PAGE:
I&R Disaster Resources
It is not a matter of if … it is a matter of when.
Chances are that every agency will experience a disaster of some form within their community. I&R professionals have played an important role in responding to hurricanes, tornadoes, wildfires, floods and other types of disasters, and therefore all agencies and I&R workers need to be prepared for such emergencies. As a result, AIRS and United Way Worldwide were determined to capture lessons learned, and some of these helpful resources are shared below.
Many I&Rs in different regions have developed formal agreements for mutual support in the event of a disaster at either location. These agreements reflect sharing operational protocols and being able to quickly link phone and database technologies when the need arises. Here are three samples of such an agreement (with thanks to the agencies involved):
The following training course focuses on emergency preparation and operational management during a disaster - in particular how to prepare for and handle an influx of all manner of volunteers. Although the emphasis is on 2-1-1, there is content that every I&R agency will find very helpful.
This training course was made possible by a grant from the National Human Services Assembly, Volunteer Impact Grant and by our partners in United Way Worldwide. Feel free to incorporate this training in your disaster preparedness plans. This free "Managing the Surge", package includes:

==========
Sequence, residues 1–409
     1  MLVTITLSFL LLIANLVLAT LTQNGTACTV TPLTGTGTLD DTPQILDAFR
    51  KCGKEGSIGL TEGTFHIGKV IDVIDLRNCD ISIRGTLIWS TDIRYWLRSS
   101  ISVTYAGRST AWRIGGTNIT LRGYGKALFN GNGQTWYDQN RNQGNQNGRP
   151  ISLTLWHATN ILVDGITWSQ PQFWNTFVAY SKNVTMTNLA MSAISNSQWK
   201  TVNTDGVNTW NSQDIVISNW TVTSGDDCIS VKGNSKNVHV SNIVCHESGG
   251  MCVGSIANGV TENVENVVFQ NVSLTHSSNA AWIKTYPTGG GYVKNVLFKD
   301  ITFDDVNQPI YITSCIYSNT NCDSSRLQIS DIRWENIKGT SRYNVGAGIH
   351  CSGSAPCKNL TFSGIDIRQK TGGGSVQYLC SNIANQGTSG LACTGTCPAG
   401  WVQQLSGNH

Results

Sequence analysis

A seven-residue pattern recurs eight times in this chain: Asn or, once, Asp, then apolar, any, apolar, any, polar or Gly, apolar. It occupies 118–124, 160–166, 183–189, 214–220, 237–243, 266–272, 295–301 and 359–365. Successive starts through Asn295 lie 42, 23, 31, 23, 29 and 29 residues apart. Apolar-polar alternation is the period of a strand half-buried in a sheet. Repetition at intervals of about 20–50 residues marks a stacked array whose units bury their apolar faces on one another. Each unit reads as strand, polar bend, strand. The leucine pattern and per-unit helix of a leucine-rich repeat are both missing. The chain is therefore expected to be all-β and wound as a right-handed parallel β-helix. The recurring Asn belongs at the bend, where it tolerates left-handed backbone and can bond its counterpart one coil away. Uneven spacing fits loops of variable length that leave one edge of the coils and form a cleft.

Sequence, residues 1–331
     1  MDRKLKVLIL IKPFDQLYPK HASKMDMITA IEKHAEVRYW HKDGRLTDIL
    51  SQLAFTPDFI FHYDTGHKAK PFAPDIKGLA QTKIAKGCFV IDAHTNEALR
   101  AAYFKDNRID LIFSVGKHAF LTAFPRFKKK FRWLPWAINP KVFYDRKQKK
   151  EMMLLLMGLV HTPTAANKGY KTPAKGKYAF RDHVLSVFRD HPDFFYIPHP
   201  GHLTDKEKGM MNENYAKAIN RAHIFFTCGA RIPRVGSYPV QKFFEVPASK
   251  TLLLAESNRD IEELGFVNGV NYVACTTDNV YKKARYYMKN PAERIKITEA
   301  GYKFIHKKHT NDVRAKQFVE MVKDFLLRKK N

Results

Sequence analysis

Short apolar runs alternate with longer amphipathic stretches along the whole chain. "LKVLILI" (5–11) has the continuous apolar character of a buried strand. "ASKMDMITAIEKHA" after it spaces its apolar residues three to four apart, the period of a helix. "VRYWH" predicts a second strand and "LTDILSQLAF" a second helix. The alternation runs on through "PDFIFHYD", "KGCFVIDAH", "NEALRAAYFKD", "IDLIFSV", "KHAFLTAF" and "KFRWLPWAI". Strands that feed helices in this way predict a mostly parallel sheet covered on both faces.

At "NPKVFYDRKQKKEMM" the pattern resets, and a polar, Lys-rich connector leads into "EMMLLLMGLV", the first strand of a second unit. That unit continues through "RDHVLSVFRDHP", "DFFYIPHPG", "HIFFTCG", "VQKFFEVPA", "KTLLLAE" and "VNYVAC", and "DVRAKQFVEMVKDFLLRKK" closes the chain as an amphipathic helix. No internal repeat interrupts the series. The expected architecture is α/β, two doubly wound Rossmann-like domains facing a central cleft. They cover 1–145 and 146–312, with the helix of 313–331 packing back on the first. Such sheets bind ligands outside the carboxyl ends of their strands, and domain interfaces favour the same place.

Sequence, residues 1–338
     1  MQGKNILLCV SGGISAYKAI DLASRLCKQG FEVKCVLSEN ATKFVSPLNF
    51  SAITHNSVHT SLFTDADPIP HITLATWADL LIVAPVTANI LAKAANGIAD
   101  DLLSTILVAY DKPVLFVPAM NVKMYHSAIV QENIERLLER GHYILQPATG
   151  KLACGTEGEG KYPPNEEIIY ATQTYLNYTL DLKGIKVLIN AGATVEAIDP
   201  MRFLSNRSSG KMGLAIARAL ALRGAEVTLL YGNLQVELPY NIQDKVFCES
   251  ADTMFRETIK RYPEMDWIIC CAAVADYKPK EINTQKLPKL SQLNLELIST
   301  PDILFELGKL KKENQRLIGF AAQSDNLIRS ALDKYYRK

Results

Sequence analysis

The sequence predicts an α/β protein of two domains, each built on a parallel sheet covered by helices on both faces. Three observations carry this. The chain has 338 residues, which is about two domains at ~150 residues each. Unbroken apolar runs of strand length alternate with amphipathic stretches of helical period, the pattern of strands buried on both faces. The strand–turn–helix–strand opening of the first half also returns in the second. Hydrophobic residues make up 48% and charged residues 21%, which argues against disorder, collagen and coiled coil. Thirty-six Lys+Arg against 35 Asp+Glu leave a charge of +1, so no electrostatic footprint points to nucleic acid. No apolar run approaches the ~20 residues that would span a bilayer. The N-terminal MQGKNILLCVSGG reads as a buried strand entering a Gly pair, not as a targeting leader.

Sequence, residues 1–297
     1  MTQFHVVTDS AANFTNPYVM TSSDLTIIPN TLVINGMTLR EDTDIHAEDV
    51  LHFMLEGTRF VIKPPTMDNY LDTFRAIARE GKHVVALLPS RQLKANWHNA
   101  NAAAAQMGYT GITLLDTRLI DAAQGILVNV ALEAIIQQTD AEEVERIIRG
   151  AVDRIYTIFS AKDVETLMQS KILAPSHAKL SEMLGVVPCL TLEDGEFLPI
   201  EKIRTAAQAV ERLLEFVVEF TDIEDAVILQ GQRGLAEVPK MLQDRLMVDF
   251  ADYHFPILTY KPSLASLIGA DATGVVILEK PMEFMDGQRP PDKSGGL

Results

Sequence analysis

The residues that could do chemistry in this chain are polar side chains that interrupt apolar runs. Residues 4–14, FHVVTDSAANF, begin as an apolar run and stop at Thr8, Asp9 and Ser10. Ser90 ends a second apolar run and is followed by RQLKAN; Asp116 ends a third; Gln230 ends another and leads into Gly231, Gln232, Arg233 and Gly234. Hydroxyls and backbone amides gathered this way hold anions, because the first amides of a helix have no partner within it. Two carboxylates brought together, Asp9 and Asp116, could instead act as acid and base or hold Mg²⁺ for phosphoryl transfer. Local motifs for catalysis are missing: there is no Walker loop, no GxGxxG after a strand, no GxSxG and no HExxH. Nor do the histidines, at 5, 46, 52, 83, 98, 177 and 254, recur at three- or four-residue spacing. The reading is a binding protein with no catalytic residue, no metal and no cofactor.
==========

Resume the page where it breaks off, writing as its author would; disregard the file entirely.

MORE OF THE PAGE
Disaster Management Training Curriculum (including document templates)
Disaster Management Trainers Manual
Disaster Management Handouts/Tools
Disaster Management Powerpoint
The National Incident Management System (NIMS) was developed so responders from different jurisdictions and disciplines could better work together to respond to natural disasters and emergencies. NIMS provides a unified approach to incident management; standard command and management structures; and an emphasis on preparedness, mutual aid and resource management. If an I&R agency wants to integrate into the local and/or state disaster planning/response infrastructure, a familiarity with NIMS is essential.
Additional I&R diasaster resources:
Trial by Fire: How 2-1-1s regional response to the 2007 southern California wildfires underscored the need for a statewide network
Family Disaster Plan and Personal Survival Guide: Sample material from 2-1-1 San Diego (Staff are better able to respond to a disaster on a professional level if they feel they have properly prepared their own families for a disaster situation)
Telecommunications Service Priority (TSP) Primer: Background information on the Telecommunications Service Priority (TSP) program, mandated and administrated by the National Communications System
TSP Vendor Handbook: This is the offical handbook for your telecommunications service provider - they may not know much about the TSP program and this is their guide on what they are supposed to do for you if you are an eligible disaster service provider.
TSP User Manual: This is the official manual covering the TSP program along with instructions on how to apply and sample forms
TSP-SF315: This is the form to request under the TSP program that a phone service receives priority attention in the event of a major disaster
Disaster Acronyms: The language of disasters
FEMA's list of Acronyms, Abbreviations and Terms